Read this article to learn:
- The approval of Telesites and its trading launch
- IFT’s views on Telesites and América Móvil’s dominant position in the Mexican market
- Telesites current strategy and future plans in Mexico and beyond
- Is Telesites a fair competitor?
Since the creation of Telesites back in 2014, TowerXchange have been looking closely at the evolution of América Móvil’s tower venture, from the carve-out of the carrier’s 10,000+ towers to the towerco’s recent registration on the Mexican Stock Exchange. In this article, we take a closer look at the implications of Telesites business in Mexico and beyond and whether the towerco is proving to be a fair competitor to the likes of American Tower and Mexico Tower Partners.
“Agente Económico Preponderante” means dominant player. An expression we’ve all heard several times over the past few months linked to América Móvil and its position in the Mexican telecom industry as declared by the Federal Telecommunications Institute (IFT) back in 2014. The carrier responded by spinning off its tower business and creating Telesites which now owns 12,555 towers across the country.
At the beginning of December, the Comisión Nacional Bancaria y de Valores (CNBV) – the Mexican banking and securities regulator – approved the registration of Telesites which will start trading on the Mexican Stock Exchange (BMV) on December 21.
In spite of this move, Gabriel Contreras, President of IFT, stated that not only América Móvil but also Telesites is considered a dominant player and as such, needs to comply with the existing regulation on the matter.
In Contreras’ words, the 2014 decision to declare the operator a dominant player “extended to all companies in the group and it was established that in the event of spinoffs, mergers or other corporate moves, the affiliates and subsidiaries would have the same obligations as the dominant company.”
Practically speaking, there hasn’t been any practical consequence for Telesites whose business has been recently approved and whose negotiations with the likes of AT&T and Telefónica had started even before the CNBV’s go-ahead.
When created, Telesites acquired 10,800 towers from América Móvil and its count is already up by over 1,700 towers to 12,555 (as of Q3 2015), representing 48% of Mexico’s 26,010 towers. Telesites is targeting a count of 16,600 Mexican towers by 2020.
MNOs market share breakdown as of July 2015
Exclusively used by América Móvil in the past, Telesites’ portfolio is now available to all Mexican carriers, with MLAs already agreed with Telefónica and AT&T. For the time being, TowerXchange has reached out to the towerco for comments and looks forward to new developments on the always exciting Mexican industry.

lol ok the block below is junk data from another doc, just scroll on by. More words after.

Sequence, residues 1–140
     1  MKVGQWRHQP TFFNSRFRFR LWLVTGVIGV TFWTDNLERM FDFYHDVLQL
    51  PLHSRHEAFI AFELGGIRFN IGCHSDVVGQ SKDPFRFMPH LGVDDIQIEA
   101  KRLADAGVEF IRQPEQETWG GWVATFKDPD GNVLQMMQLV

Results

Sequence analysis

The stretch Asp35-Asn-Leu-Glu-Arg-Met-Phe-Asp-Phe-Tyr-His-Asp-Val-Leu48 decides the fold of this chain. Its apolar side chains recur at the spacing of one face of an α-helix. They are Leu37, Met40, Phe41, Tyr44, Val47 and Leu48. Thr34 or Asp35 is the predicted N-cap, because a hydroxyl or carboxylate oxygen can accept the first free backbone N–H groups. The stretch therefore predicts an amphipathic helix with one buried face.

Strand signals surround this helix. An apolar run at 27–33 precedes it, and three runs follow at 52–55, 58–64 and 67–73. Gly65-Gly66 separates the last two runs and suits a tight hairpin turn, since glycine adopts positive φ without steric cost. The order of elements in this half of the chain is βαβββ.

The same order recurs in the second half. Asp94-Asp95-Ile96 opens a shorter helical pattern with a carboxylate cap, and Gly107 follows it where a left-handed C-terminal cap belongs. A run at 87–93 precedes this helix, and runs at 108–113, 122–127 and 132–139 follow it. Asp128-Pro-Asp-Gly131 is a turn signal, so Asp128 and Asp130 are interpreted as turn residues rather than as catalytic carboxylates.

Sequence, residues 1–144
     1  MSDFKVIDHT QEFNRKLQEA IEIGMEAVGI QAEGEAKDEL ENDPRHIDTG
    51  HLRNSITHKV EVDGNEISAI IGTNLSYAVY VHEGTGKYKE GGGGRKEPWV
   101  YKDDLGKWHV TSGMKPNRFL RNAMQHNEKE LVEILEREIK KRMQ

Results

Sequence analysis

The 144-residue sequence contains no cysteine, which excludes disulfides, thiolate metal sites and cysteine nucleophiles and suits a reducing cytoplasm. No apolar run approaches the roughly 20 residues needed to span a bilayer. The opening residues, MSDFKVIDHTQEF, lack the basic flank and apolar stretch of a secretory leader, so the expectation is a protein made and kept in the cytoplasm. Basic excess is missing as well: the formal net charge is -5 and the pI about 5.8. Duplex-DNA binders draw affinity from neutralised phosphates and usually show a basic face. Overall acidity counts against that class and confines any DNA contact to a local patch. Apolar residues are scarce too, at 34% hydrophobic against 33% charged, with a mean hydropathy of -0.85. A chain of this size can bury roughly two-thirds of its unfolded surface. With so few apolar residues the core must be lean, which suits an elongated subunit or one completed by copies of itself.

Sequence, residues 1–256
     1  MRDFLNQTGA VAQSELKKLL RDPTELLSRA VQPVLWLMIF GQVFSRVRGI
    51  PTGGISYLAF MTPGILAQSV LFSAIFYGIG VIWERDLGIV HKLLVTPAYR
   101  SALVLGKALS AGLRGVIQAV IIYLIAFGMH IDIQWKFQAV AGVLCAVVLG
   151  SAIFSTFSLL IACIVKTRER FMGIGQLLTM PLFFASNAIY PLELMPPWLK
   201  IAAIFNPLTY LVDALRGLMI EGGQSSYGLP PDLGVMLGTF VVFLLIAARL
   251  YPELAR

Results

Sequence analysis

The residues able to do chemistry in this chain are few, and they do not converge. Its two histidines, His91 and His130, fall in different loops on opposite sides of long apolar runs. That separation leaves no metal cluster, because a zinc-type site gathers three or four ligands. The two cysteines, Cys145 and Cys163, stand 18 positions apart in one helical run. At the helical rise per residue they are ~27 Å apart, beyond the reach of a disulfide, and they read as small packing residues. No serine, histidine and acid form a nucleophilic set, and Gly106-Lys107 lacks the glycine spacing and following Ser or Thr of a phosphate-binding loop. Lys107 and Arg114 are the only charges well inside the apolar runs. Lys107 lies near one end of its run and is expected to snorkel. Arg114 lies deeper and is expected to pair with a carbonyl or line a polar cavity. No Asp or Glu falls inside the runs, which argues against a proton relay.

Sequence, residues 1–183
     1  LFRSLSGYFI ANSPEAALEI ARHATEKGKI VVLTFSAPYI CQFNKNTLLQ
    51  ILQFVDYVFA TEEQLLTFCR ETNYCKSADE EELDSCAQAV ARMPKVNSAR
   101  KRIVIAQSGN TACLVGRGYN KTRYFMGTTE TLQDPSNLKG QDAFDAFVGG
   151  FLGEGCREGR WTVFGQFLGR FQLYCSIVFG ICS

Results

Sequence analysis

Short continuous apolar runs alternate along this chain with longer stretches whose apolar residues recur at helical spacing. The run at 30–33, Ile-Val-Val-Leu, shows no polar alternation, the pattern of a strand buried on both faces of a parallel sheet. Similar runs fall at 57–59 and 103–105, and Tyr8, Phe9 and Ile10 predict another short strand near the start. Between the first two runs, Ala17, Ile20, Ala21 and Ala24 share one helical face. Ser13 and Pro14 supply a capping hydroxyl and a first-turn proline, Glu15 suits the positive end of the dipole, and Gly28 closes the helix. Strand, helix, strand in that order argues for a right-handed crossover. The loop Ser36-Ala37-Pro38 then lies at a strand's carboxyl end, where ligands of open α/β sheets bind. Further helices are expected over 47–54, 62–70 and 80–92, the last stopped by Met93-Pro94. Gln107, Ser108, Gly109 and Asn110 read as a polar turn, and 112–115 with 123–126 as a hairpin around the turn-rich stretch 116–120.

Estimated breakdown of tower ownership in Mexico
An exhaustive analysis of the Mexican telecom tower industry will be a crucial component of the 2016 edition of the TowerXchange Meetup Americas. Now in its third edition, TowerXchange will gather key executives from the Mexican, Central and South American tower industry in Boca Raton, 16-17 June 2016, at the exclusive Boca Raton Resort & Club. Contact Arianna Neri at email@example.com for more information.
A view on Telesites from TowerXchange Founder and CEO Kieron Osmotherly
The approval and inauguration of Telesites marks a new chapter in CALA towers – an operator-captive towerco with a potential pan-regional footprint and a scale that by the end of this decade could surpass even American Tower’s LatAm operation.
To date Telesites’ operations have only commenced in Mexico and Costa Rica, but many other Claro opcos are saying that new sites will be built through Telesites – it remains to be seen whether all Claro’s legacy towers, which would total in excess of 30,000, could all be transferred to the new entity
Telesites has already agreed MLAs with Telcel (of course), AT&T and Telefónica, charging a lease rate comparable to Mexico’s other towercos of around US$1,150.
With a tenancy ratio very close to one currently, bullish estimates suggest Telesites is targeting a tenancy ratio of 1.6 by 2020, driven by pent up demand from Telefónica and AT&T which could see 2,000 co-locations added very quickly in 2016. However, 1.6 remains an ambitious target given the 900+ new towers (most with a single tenant) which Telesites intends to build per annum in Mexico.
Through subsidiary Opsimex, Telesites has already raised substantial debt, initially as high as 9x EBITDA, which they plan to deliver over the coming years.
In conclusion, TowerXchange see Telesites as the primary change agent in what has otherwise been a quiet year for the CALA tower industry. The creation of Telesites may have implications even beyond CALA, creating a playbook for the carve out and management of operator-captive towercos which could be replicated by the likes of Telefónica (primarily in Europe), and drawing comparisons with Axiata and its six-country edotco venture.